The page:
THE MASK IN THE MIRROR—a chamber opera in three acts by Richard Thompson—depicts the courtship and failed marriage between the famed African-American poet Paul Laurence Dunbar (1872–1906) and novelist Alice Ruth Moore (1875–1935). The opera follows their relationship from Dunbar’s initial letter of introduction to Alice, to Dean Howells’s watershed review of Dunbar’s work in Harper’s Magazine, through Paul and Alice’s secret engagement, marriage, and difficult married life together in Washington, D.C., ending with their final estrangement and Paul’s death at his home in Dayton OH.
THE MASK IN THE MIRROR is a historically accurate portrait of Dunbar and Moore’s relationship, with Thompson’s libretto structured using primary source material—most notably the hundreds of letters exchanged between Dunbar and Moore during the course of their relationship. The letters reveal Dunbar and Moore’s individual psychologies and interpersonal dynamics with the pivotal moments in their lives that emerged from these letters, and other extant documents, becoming the foundation of THE MASK IN THE MIRROR.
Dunbar’s short life was marked by great triumph in the face of adversity and by great tragedy. He was the first African-American man of letters to achieve national and international fame and financial success. As the son of illiterate and extremely impoverished ex-slaves, his literary success would have seemed highly improbable.
Paul Dunbar’s swift rise to national and international fame and recognition did little to heal the wounds of his dysfunctional and scarred childhood. He battled with the “glass ceiling” of his world, which allowed him recognition, but only within the value system of a culturally and racially divided America. Dunbar also struggled with what may have been bipolar disorder, as well as tuberculosis. As was common at that time, he drank heavily to suppress the symptoms of his illness. Dunbar died at the age of 33 from a combination of tuberculosis and alcoholism, and was estranged from his wife by the time of his death.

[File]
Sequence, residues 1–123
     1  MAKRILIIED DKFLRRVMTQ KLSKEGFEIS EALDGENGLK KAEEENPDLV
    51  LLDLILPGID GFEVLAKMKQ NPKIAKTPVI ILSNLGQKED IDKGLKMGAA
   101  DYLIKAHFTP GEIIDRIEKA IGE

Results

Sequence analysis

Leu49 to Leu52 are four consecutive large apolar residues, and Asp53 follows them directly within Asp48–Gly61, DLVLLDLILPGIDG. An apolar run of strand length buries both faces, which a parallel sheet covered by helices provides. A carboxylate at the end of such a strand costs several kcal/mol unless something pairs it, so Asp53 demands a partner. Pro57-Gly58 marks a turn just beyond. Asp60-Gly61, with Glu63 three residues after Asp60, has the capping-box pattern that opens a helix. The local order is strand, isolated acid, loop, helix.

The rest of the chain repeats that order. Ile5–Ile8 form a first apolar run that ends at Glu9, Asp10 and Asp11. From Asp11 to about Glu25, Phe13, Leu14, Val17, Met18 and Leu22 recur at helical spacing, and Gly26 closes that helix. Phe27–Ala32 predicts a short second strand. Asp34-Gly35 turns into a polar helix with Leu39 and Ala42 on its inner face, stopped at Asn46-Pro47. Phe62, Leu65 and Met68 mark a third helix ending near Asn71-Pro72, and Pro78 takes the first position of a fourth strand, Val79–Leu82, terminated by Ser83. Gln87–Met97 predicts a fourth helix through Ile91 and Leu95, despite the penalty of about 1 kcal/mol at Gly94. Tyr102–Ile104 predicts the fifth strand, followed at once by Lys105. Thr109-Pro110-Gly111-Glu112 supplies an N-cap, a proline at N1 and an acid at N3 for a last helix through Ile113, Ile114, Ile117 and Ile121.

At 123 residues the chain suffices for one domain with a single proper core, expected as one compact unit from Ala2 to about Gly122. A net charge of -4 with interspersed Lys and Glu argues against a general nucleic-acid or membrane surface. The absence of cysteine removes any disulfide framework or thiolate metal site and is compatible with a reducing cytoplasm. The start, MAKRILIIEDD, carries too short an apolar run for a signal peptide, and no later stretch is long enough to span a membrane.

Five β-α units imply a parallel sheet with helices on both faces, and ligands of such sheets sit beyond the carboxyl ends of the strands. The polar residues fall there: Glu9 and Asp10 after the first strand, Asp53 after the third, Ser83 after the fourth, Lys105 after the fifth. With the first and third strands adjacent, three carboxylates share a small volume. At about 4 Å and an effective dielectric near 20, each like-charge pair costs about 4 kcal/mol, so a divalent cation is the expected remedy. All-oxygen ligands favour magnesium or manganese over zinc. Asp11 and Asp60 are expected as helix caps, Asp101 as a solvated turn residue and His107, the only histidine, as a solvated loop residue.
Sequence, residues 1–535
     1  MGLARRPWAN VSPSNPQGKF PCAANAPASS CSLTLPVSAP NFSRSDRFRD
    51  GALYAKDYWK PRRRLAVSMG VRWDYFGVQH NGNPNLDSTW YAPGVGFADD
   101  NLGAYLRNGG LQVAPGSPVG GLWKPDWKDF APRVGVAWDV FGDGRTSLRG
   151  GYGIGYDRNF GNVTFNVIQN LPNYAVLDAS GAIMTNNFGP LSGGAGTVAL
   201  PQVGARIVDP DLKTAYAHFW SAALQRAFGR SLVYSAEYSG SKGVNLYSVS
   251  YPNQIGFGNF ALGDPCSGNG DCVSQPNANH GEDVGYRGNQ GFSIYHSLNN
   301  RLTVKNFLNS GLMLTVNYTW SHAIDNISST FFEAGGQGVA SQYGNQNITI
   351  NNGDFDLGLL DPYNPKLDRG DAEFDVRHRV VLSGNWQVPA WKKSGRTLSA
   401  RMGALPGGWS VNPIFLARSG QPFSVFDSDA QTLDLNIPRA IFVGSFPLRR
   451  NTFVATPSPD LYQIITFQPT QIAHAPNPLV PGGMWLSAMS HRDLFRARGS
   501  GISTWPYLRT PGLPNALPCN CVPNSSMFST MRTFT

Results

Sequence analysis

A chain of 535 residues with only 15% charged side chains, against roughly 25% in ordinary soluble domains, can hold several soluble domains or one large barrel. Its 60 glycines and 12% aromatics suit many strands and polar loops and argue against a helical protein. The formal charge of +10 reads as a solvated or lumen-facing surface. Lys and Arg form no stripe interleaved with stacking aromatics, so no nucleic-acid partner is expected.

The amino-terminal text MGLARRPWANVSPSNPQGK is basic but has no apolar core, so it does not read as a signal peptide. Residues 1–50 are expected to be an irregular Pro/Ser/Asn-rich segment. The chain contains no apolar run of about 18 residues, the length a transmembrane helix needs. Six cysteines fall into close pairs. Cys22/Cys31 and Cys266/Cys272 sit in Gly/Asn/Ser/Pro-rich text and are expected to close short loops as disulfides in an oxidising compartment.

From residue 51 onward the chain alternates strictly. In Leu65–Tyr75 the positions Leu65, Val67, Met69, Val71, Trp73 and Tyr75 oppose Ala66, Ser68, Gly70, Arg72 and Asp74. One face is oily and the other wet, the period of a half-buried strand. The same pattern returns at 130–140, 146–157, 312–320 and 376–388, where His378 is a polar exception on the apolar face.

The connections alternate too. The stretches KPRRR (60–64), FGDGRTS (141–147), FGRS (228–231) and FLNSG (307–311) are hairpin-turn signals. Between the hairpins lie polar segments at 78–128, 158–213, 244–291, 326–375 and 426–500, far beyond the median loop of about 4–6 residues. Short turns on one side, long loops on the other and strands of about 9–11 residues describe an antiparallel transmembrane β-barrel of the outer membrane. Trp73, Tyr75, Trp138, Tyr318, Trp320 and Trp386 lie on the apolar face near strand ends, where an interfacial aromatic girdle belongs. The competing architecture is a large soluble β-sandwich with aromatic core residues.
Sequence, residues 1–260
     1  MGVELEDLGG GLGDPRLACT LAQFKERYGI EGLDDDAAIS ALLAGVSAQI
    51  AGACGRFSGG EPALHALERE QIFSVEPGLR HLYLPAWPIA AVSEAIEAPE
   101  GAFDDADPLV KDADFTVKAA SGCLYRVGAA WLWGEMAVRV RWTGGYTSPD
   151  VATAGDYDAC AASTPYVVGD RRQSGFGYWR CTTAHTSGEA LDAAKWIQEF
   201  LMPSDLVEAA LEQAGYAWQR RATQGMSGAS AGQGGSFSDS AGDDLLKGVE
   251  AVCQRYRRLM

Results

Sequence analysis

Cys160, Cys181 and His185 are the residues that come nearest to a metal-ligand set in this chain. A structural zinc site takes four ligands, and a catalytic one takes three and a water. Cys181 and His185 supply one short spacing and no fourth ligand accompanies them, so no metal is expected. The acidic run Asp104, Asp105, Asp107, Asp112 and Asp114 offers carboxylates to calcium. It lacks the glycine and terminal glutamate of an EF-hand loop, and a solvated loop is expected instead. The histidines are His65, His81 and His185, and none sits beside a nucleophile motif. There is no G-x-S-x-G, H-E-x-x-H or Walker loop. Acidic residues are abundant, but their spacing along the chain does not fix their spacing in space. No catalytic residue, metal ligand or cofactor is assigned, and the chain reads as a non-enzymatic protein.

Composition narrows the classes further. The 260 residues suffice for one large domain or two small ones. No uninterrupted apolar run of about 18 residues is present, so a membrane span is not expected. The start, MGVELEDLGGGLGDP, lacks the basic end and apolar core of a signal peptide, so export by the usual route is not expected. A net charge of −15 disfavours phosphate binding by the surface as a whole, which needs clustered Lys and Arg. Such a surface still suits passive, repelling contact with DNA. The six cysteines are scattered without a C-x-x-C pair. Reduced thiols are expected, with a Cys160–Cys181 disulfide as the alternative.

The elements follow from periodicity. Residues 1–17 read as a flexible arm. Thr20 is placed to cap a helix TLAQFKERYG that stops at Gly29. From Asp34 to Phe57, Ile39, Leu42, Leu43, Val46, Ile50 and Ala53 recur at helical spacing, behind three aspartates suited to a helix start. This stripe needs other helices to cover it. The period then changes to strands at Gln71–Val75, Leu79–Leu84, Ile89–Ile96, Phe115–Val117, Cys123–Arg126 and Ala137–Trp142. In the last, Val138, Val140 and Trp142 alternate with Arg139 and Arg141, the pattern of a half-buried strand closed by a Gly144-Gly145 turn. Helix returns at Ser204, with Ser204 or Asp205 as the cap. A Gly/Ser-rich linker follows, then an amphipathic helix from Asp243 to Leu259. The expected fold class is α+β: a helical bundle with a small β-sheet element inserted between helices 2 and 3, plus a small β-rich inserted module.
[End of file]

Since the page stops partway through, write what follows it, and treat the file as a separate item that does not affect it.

Alice Ruth Moore was close in age to Paul Dunbar. She was born in 1875 in New Orleans. Unlike Paul, she was college educated to a high degree. She studied at Cornell, Columbia, and the University of Pennsylvania, where she specialized in education. Like Paul, she was a writer, although she was not particularly successful.
Being unable to distinguish between sexual desire and a more lasting loving relationship, Dunbar frequently romanced several women at the same time—professing undying love to each. Despite his success and determination, he was also confused about his identity as a black man in America, being ashamed of his dark complexion. Moore had similar problems with her racial identity: as the product of a casual interracial sexual relationship, she preferred to re-invent herself as a Creole from Louisiana, rather than face the shame of her illegitimacy. She also suffered from racist attitudes, looking at dark-skinned African Americans with disdain.
The Dunbars wanted to promote themselves as role models for a new black middle class, comparing themselves to the English writers Robert and Elizabeth Browning. Sadly, Dunbar and Moore lacked the psychological strength to live up to their ideals. Both had conflicted ideas about race and gender-based roles in their contemporary middle-class American society. The relationship between Dunbar and Moore was explosive and short-lived, based perhaps on the idea of love as opposed to its reality.
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